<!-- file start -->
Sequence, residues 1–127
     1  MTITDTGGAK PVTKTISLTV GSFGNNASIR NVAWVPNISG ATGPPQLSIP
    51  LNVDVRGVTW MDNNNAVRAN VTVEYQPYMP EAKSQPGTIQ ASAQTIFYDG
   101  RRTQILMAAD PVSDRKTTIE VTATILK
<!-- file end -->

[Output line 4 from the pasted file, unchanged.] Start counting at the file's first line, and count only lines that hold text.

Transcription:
   101  RRTQILMAAD PVSDRKTTIE VTATILK